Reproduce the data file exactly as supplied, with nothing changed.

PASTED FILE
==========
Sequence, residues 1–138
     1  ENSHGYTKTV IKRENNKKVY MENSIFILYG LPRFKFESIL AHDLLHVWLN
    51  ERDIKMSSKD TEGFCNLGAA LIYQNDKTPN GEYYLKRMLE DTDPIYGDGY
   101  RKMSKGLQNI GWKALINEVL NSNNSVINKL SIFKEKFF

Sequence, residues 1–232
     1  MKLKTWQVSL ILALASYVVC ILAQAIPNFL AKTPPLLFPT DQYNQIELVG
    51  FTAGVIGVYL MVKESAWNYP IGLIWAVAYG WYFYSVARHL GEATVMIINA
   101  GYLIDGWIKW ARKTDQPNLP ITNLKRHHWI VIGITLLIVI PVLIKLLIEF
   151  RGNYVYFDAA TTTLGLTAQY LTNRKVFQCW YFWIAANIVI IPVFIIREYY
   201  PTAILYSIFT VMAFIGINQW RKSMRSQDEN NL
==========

Sequence, residues 1–138
     1  ENSHGYTKTV IKRENNKKVY MENSIFILYG LPRFKFESIL AHDLLHVWLN
    51  ERDIKMSSKD TEGFCNLGAA LIYQNDKTPN GEYYLKRMLE DTDPIYGDGY
   101  RKMSKGLQNI GWKALINEVL NSNNSVINKL SIFKEKFF

Sequence, residues 1–232
     1  MKLKTWQVSL ILALASYVVC ILAQAIPNFL AKTPPLLFPT DQYNQIELVG
    51  FTAGVIGVYL MVKESAWNYP IGLIWAVAYG WYFYSVARHL GEATVMIINA
   101  GYLIDGWIKW ARKTDQPNLP ITNLKRHHWI VIGITLLIVI PVLIKLLIEF
   151  RGNYVYFDAA TTTLGLTAQY LTNRKVFQCW YFWIAANIVI IPVFIIREYY
   201  PTAILYSIFT VMAFIGINQW RKSMRSQDEN NL